How can PEs in Vietnam entice and retain top talent in spite of competition from multinationals, and how can KPMG help to do so?
PEs in Vietnam often face fierce competition from multinational corporations in attracting and retaining top talent. To address this, KPMG assists private enterprises in developing effective human resource strategies. We understand the importance of talent acquisition and retention for sustainable growth. Our expertise allows us to advise on best practices for attracting and retaining talented individuals. We help private enterprises design competitive compensation packages, develop attractive career progression plans, and establish a positive work culture that fosters employee engagement and loyalty.
How can KPMG help PEs in Vietnam achieve their goal of long-term sustainability?
KPMG has identified eight key factors that contribute to the sustainability performance of businesses, as outlined in the KPMG Private Enterprise family business study. These keys are:
Highly structured governance: Effective business processes and control mechanisms are essential, and family governance helps define the family's objectives and achievements. For family businesses in Vietnam beginning their sustainability journeys, clear roles and responsibilities within the owning family are crucial for fostering communication, consensus-building, and long-term vision.
Active involvement of non-family members: Research has shown that having both family and non-family members directly involved in the business positively impacts sustainability and the digital agenda. Vietnamese family businesses dominated by family members may benefit from adding external members to gain objective perspectives and improve sustainability performance.
Dispersed family ownership: Keeping sustainability investments solely within the family may not always be the best option. Collaboration with external capital providers can be advantageous, especially when significant restructuring is necessary to align with sustainable business requirements.
Gender diversity: Female leaders in family firms bring a unique combination of hard and soft skills, contributing to sustainability efforts. Their competencies help maintain focus on responsible pillars that support sustainable strategies in Vietnamese family businesses.
Digitalisation: Digital transformation can play a vital role in sustainability, particularly in environmental areas, where adopting the right technologies reduces pollution and waste. Vietnamese family businesses should consider digitalisation for streamlining operations and generating high-quality data to track and measure sustainability progress.
Leadership style: Sustainable strategies must be driven from the top. A leader with the relevant background and skills should spearhead change and be seen as the driving force throughout the organisation.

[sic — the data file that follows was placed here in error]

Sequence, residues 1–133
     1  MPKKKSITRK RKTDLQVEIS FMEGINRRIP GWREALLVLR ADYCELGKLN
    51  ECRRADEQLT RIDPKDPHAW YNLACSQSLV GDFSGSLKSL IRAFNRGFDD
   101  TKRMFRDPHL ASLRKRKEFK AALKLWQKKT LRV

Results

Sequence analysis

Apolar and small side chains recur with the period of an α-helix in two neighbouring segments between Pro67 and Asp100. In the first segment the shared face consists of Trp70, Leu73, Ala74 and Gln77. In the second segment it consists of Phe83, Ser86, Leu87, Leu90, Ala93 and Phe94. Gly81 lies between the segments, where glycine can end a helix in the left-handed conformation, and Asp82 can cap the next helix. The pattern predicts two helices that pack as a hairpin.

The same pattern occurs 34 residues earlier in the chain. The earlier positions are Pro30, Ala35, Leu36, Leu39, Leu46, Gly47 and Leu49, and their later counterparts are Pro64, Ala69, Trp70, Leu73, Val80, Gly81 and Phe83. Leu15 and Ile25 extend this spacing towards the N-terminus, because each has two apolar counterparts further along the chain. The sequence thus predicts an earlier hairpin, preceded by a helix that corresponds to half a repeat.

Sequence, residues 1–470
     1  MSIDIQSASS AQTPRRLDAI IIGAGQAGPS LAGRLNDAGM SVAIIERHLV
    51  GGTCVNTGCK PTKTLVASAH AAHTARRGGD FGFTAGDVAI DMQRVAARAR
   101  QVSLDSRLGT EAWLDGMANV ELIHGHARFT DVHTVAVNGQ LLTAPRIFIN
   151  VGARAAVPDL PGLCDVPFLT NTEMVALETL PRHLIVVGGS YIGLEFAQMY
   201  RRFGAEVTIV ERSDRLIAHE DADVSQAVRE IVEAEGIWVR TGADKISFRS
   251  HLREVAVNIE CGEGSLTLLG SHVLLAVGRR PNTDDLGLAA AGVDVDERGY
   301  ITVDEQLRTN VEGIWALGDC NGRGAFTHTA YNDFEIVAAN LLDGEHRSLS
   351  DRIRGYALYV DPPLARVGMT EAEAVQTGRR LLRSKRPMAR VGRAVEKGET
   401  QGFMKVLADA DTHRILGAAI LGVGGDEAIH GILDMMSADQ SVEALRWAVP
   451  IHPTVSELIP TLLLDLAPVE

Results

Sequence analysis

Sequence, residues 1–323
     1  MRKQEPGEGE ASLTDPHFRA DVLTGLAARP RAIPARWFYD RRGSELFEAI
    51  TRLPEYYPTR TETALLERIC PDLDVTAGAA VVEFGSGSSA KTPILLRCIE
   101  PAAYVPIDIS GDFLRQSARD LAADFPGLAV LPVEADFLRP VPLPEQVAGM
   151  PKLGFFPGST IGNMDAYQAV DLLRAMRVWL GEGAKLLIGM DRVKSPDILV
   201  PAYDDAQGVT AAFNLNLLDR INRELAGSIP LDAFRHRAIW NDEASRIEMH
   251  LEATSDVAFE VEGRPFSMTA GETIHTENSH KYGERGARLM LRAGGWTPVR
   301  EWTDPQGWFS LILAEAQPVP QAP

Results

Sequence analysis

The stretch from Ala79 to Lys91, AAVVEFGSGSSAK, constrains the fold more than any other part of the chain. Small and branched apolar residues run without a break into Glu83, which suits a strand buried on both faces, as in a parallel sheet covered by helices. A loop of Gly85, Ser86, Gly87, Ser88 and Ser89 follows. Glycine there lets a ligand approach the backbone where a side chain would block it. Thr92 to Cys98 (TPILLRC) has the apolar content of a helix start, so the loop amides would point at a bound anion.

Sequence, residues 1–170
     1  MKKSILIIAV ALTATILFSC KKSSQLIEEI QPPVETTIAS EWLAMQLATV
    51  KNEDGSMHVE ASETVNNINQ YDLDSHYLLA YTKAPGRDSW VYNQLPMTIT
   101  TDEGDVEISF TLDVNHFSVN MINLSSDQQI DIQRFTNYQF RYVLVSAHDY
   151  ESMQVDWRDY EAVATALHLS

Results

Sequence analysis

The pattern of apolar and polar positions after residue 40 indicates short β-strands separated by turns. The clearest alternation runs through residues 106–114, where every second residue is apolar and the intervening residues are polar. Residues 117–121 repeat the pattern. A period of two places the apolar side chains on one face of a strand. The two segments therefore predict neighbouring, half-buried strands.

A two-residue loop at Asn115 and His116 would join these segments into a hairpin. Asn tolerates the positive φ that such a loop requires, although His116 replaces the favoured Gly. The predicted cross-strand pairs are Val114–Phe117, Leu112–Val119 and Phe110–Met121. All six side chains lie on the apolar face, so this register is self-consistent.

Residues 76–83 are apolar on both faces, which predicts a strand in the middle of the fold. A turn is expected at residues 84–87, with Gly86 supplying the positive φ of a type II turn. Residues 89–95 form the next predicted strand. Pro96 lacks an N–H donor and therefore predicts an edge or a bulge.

Entrepreneurial mindset: The entrepreneurial mindset of family businesses enables them to identify opportunities, overcome challenges, and drive innovation and transformation. Vietnamese family businesses should prioritise environmental and social impact objectives alongside economic goals.
Forward-looking orientation: Family businesses should consider the needs of future generations and aim to leave a better company behind them. By making sustainability a centrepiece of their purpose and long-term vision, they can justify sustainability investments and translate them into economic, environmental, and societal performance for future generations.
To ensure long-term sustainability, PEs in Vietnam can apply these keys by integrating them into their business strategies, governance structures, and decision-making processes. By embracing sustainability as a core value, businesses can attract customers, investors, and partners who value environmental, social, and governance (ESG) initiatives. Vietnamese companies' commitments to ESG, particularly in renewable energy transition, are paving the way for PEs to prioritise sustainable development and growth.
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On February 15 and 17, the workshop Cost and Treasury Management for Corporates took place at KPMG Vietnam’s regional offices in Hanoi and Ho Chi Minh City, attracting the presence of Luu Bao Lien, partner and head of Financial Management Consulting, Tim Kramer, director and head of the Special Situations Group, Hoang Thi Linh Chi, manager of Financial management Consulting, and Vu Quyen, director at FIS Global.
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Amidst a backdrop of shifting economic paradigms, the Vietnamese economy stands resilient in its pursuit of growth and sustainable development. Warrick Cleine, chairman and CEO of KPMG in Vietnam and Cambodia, shared with Celine Luu the ongoing trends and prospects in Vietnam’s business landscape.
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In an exclusive interview, VIR’s Luu Huong explored Vietnam’s vibrant startup ecosystem with Hung Truong, senior investment director at SK Vietnam and judge for the KPMG Global Tech Innovator 2023, discussing investor preferences, regional competition, and strategies for startups.